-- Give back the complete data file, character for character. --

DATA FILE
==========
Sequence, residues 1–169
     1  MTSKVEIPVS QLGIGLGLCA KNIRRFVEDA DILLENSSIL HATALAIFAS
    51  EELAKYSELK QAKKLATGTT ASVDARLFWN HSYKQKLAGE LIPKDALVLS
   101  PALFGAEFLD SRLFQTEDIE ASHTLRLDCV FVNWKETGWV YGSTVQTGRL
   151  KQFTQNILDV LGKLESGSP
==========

Sequence, residues 1–169
     1  MTSKVEIPVS QLGIGLGLCA KNIRRFVEDA DILLENSSIL HATALAIFAS
    51  EELAKYSELK QAKKLATGTT ASVDARLFWN HSYKQKLAGE LIPKDALVLS
   101  PALFGAEFLD SRLFQTEDIE ASHTLRLDCV FVNWKETGWV YGSTVQTGRL
   151  KQFTQNILDV LGKLESGSP